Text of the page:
Technological change and fatalism

“Don’t blame robots for low wages,” writes Paul Krugman. “Automation just isn’t a big part of the story of what happened to American workers over the past 40 years,” he continues. “We do have a big problem — but it has very little to do with technology, and a lot to do with politics and power.”

This is misleading, which is a real shame because Krugman’s ultimate point is incredibly important.

His argument is roughly:

  1. Technological disruption is not new.
  2. This particular wave of technological change is not particularly rapid or unprecedented.
  3. Therefore, technology cannot explain stagnant wages and rising inequality; something else must be causing it.
  4. That something else is politics and power.
  5. We shouldn’t fall for the fatalistic narrative that technology necessitates stagnant wages and rising inequality.

I want to sign on to where he ends up (#5) but not the way he gets there.

Do stagnant wages really have “very little to do with technology”? As I’ve already said, I don’t think technological change necessarily leads to stagnant wages — though it has happened before.

However, I think a more straightforward reading of Krugman’s claim would start with a counterfactual. Holding power and politics constant, what effect has information technology had on wages?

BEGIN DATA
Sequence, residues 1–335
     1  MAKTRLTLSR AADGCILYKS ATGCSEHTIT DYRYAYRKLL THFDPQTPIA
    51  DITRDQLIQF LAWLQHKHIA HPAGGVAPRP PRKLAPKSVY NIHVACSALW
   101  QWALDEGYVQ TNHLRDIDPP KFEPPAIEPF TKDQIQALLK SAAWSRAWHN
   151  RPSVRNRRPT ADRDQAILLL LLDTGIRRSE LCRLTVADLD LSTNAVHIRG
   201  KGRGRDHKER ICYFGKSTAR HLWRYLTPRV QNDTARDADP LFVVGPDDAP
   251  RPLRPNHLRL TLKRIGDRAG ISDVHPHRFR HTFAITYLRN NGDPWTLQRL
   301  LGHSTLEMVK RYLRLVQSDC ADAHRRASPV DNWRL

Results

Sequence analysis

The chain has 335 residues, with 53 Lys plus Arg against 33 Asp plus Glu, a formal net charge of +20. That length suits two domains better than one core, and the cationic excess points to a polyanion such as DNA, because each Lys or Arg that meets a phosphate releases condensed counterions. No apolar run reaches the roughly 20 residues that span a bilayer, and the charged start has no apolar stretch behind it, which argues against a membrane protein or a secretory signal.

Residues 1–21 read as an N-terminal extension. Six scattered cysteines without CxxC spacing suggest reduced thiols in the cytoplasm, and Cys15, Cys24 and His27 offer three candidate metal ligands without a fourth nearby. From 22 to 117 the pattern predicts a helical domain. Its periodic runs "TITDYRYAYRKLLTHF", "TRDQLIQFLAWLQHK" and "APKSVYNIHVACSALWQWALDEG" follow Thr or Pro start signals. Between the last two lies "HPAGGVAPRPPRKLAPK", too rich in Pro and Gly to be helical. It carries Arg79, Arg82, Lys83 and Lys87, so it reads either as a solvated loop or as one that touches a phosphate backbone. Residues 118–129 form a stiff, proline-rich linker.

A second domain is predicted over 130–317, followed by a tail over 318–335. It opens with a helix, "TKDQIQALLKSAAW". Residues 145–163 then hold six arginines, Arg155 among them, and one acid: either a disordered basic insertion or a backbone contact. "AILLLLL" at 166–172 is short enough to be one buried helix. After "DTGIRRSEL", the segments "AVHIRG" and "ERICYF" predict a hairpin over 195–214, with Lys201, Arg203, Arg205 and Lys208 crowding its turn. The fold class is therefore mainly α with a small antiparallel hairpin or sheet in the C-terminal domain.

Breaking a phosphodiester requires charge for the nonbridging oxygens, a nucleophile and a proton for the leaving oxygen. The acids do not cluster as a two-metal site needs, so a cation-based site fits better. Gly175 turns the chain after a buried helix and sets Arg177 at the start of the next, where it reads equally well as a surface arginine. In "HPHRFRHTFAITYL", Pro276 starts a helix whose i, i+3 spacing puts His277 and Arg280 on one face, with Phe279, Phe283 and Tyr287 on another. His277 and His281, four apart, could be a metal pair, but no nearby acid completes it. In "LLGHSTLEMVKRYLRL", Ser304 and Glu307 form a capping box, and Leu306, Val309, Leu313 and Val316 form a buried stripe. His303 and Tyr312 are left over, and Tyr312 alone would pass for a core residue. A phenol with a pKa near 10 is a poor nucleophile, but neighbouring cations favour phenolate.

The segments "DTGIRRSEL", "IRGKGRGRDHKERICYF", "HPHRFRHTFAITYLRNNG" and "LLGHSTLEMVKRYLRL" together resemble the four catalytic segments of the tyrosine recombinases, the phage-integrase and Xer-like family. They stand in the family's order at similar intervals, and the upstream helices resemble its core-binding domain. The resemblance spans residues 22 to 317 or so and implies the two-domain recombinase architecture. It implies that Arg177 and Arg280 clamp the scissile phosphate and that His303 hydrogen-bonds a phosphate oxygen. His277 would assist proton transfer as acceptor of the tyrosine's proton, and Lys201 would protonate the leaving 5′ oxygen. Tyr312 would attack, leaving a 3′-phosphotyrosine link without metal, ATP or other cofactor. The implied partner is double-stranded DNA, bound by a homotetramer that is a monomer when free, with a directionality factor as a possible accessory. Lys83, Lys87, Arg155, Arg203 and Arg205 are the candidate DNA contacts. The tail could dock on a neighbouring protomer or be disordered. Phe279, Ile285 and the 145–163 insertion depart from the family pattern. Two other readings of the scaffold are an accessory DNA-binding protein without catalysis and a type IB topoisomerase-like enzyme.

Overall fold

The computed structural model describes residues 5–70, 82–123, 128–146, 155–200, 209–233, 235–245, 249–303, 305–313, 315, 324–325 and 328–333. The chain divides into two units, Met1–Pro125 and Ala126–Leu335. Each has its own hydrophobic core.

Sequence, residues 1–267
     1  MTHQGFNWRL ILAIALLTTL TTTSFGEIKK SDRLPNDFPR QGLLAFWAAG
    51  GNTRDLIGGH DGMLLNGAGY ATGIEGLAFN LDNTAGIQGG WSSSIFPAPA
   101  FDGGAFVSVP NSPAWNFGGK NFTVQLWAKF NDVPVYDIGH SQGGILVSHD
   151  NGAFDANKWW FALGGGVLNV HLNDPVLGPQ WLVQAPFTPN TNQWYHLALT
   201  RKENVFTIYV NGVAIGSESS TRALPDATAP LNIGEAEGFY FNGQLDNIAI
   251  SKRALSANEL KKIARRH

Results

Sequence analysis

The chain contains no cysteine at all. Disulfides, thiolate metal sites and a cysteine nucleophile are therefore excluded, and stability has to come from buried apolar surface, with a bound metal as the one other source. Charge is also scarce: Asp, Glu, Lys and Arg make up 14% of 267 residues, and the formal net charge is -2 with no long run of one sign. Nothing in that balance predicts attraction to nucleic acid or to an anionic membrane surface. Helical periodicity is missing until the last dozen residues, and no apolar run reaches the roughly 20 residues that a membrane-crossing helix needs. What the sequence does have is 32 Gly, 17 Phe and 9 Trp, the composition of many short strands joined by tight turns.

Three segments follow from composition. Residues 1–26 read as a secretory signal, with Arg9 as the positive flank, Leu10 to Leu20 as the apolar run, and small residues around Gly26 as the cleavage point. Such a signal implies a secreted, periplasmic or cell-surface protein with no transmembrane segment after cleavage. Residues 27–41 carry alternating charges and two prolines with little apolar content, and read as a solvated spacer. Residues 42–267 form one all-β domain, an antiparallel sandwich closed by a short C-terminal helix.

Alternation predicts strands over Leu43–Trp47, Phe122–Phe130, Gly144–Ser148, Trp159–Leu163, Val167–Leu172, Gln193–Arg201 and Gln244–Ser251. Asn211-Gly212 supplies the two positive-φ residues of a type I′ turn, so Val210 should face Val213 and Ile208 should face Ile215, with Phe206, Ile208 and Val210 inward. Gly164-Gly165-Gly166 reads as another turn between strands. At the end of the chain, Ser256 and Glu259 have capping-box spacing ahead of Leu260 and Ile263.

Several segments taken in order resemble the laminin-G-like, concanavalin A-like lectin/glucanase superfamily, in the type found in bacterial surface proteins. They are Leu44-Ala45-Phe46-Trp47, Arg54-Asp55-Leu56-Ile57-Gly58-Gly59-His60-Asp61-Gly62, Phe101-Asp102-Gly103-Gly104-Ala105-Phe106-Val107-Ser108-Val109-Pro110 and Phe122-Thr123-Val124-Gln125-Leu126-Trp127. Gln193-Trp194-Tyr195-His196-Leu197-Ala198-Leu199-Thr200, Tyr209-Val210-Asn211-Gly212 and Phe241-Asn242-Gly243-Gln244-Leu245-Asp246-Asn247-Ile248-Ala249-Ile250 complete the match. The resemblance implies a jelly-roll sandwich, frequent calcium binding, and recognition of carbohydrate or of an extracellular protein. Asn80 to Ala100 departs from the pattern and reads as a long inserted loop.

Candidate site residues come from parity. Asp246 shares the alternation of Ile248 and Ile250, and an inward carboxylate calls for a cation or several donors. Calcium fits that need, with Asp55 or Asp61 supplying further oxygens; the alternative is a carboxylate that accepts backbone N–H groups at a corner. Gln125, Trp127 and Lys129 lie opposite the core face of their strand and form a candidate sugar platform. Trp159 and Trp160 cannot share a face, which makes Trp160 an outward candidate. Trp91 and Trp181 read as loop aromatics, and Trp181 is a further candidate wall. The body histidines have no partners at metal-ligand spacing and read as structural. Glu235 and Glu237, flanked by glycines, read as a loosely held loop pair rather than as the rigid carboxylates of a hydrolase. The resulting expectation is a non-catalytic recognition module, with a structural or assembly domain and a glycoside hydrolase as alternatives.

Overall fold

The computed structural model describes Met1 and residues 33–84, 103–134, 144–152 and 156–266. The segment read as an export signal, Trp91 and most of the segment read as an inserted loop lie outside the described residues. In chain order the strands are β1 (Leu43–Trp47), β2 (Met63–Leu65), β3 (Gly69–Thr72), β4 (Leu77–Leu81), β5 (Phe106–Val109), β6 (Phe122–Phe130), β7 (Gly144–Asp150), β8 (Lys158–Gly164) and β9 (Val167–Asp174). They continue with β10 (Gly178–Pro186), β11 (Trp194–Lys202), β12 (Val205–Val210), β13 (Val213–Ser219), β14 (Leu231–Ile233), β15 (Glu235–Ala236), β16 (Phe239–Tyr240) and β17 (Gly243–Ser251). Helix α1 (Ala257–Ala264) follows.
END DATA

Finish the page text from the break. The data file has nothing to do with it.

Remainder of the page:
There is abundant evidence that information technology has contributed to stagnant wages and rising inequality, by changing the skills that are demanded and polarizing the labor market. This is occurring across advanced economies. Within the policy variation we observe in OECD countries, at least, it seems that some increase in inequality is the norm.

It therefore seems much more reasonable to conclude that stagnant wages and rising inequality have quite a bit to do with technology. Of course, they also have quite a bit to do with politics and power. The latter likely helps explain why these phenomena have been particularly pronounced in the U.S., and why the U.S. has seen such a staggering increase in the incomes of its top 1%.

I’ve written about this all before, and that was also in response to weirdly overstated claims by Krugman. My assumption is that this is well-intentioned, that he hopes to shift the U.S. policy debate away from fatalism toward action, and that he thinks implicating politics over more impersonal forces like technology will help.

Maybe he’s right.

I certainly don’t think we should be at all fatalistic about inequality, and I certainly agree that politics and power are a major contributor. I’ve emphasized this in my writing and my editing. But technology clearly is a big part of the inequality story, as are education and skills. I suspect that brushing them aside will make solving our problems harder, not easier.

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